Fernold pumped his pistol after the car.
TABLE OF CONTENTS
A BRAND-NEW, IMPORTED CONVERTIBLE
Marcia nosed the long convertible up to the huge double gates of the Turner Shipyards and touched the horn lightly, twice, in her special signal. Old Mac, the gateman, peered at her car, then swung open the gates smartly.
“Well, well. Missy!” he said. “How’s my girl?”
“Fine, Mac,” Marcia Bramson said. As one of her father’s oldest employees this man had been a special confidant in her youth. But now, with her father dead and herself a woman grown, she did not feel the closeness of years ago.
“How’s little Miss?”
“Splendid,” she said “Away at school.”
Marcia looked toward the building which housed the Turner Shipyard offices.
“Is Paul — is Mr. Bramson still here?”
“Saw your husband heading out to the Navy contracts, hour or so ago. Some keel-laying there this morning.” The old man nodded at the car. “New one, eh? Foreign?”
“Yes,” she said, “it’s a surprise for — “
Quickly she caught herself. There was no point in going into details about the car with Mac.
She parked and got out and walked toward the office building, annoyed at the look in old Mac’s eyes — the knowing, pitying look — which said that he knew all about Marcia and Paul Bramson.
The way everyone knew, she realized. Once upon a time there was a girl named Marcia Turner whose very wealthy father bought her a nice, handsome Navy officer for a husband. Now, with father dead, the very wealthy girl was trying to buy the nice, handsome husband’s affection still. He strays, you see. Not too openly, but …
So the very wealthy Mrs. Bramson gives him the presidency of the Turner Shipyards. Or a big new house up in the Heights. Or a fine, blooded saddle horse.
And now a brand-new, imported convertible.
At least she had an excuse this time. Their eighth anniversary. Eight years since that afternoon when her father had given her hand over to the slim young Naval officer, and Marcia Turner had thought herself the luckiest girl alive — war or no war. She’d been nineteen, shy and plain and immature, but deliriously happy in an unhappy world.
She had yet to learn of young love growing brittle when it finds no answering love, no true and honest sharing. When it struggles against fawning greed … . But she had tried, giving what she could — first her love; and when that was not enough, a child. But that, too, had not proved the binding agent. And thus, because she had nothing else, her money …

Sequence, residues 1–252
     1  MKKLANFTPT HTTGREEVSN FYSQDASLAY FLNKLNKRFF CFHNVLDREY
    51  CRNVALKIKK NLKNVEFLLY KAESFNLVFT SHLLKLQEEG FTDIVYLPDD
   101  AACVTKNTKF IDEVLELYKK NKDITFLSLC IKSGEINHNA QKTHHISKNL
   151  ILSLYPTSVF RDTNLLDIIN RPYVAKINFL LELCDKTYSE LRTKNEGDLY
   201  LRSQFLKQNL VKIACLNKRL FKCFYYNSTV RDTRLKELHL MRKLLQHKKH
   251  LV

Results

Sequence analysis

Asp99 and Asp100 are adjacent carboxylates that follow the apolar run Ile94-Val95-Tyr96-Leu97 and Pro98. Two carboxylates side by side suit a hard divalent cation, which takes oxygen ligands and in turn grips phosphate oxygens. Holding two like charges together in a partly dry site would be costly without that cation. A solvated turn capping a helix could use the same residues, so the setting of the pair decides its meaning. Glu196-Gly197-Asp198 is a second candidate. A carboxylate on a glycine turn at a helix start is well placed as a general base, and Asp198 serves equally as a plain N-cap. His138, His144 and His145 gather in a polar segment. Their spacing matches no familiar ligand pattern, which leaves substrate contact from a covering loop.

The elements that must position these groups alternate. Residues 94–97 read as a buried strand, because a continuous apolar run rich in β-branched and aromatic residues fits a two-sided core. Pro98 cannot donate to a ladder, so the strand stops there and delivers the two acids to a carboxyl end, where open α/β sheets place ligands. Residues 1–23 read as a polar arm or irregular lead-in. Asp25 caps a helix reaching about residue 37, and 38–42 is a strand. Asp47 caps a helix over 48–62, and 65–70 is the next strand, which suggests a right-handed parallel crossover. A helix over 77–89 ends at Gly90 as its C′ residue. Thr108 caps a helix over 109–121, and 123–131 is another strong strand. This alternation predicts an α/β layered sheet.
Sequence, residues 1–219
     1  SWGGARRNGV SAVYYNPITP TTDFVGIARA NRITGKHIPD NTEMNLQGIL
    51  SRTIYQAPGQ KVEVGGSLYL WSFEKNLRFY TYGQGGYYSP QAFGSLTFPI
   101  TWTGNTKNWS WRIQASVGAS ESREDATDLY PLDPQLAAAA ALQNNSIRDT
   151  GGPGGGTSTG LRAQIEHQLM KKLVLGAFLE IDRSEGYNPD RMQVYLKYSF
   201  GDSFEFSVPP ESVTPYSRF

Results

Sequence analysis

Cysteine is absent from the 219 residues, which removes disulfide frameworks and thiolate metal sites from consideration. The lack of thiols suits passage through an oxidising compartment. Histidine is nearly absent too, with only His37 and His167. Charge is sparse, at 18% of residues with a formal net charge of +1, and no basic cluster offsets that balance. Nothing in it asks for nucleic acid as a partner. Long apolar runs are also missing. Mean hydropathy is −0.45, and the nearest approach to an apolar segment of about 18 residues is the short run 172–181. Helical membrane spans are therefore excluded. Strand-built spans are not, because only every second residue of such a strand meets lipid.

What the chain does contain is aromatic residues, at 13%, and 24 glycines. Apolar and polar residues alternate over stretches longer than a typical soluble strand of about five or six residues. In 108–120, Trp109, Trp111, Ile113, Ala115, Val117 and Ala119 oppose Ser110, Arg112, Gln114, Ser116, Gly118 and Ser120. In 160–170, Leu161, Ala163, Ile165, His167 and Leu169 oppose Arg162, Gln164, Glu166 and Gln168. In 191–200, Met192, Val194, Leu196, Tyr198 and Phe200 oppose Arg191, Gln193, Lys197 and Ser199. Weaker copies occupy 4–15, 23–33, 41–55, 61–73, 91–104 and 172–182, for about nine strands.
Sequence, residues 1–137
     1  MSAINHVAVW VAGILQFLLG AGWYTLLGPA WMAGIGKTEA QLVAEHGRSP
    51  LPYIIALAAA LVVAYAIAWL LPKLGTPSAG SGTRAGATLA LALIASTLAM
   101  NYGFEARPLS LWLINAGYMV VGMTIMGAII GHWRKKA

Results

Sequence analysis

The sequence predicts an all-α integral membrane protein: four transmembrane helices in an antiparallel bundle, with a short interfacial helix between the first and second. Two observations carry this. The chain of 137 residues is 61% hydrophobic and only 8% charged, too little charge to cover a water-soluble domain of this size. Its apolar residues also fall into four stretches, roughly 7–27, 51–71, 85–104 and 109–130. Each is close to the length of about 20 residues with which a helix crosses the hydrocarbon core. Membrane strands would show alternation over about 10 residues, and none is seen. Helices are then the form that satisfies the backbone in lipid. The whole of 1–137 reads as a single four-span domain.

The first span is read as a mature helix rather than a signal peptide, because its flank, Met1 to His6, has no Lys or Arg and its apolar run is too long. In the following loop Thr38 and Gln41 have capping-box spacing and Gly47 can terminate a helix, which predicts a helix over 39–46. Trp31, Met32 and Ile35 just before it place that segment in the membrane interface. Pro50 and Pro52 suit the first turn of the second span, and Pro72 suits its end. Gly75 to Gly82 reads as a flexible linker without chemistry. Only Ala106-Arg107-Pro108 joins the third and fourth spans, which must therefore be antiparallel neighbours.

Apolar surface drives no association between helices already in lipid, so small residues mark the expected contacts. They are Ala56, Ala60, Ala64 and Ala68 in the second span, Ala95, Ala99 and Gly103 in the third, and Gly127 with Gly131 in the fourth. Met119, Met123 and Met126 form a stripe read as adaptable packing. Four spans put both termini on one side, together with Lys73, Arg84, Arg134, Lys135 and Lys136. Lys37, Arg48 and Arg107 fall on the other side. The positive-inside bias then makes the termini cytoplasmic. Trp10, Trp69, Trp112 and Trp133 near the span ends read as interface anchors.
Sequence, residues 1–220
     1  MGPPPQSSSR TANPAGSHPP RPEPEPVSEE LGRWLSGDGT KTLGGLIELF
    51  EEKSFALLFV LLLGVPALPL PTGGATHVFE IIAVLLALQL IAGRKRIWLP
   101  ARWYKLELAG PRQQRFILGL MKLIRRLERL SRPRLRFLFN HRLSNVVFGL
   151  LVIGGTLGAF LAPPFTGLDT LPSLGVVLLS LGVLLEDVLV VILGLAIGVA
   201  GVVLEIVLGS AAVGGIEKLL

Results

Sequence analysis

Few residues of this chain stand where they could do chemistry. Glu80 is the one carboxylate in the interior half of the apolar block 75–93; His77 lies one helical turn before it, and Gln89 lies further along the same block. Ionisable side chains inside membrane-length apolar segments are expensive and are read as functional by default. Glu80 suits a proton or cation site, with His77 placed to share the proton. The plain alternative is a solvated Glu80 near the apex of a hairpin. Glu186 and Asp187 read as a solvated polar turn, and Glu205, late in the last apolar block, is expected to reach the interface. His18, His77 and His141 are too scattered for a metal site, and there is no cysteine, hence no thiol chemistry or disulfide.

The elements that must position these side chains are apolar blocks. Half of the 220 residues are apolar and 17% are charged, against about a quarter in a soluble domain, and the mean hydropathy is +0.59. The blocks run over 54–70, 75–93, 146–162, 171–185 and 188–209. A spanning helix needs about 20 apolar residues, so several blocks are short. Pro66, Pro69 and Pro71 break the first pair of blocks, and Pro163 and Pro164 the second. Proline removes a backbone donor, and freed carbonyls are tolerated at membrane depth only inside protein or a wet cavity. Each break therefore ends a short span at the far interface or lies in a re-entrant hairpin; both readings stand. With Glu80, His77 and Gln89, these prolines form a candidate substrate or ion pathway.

The door at the end of the corridor was lettered chastely, in gold, Paul Bramson, President. Inside, Dorene Chandler, Paul’s secretary — a beautiful pale blonde — sat with the air of a golden queen behind her desk.
“Yes?” she inquired languidly as Marcia entered. “Oh, Mrs. Bramson! How are you?”
“Fine,” Marcia lied again. “Is Mr. Bramson inside?”
The girl nodded.
“I’ll tell him you’re here.”
Marcia let herself into her husband’s sumptuously appointed office, and he looked up from his desk when the door swung inward.
“Well — well, Marcia! A bit off your course, aren’t you?”
He was a tall, dark man, superbly tailored, matching the fine appointments of his office. His face held a look of deep concern — but certainly nothing of the dark rage which he had worn two nights ago, after their last blowup, when she had mentioned divorce and he had gone storming off to his club. The club to which she had bought his membership.
He swept a pile of morning newspapers off his desk into the leather-tooled wastebasket.
“And to what am I indebted for this — visit? Just checking up on me?”
All of her pleading for their tottering marriage was in her voice; all of the love for him which she could not cut out of herself.
“I didn’t mean to disturb you. I just thought — well, our anniversary and all.”
She pointed at the banks of windows which commanded the yards.
“Remember that English convertible we saw, Paul?”
He looked at her sharply, the storm points clearing from his eyes.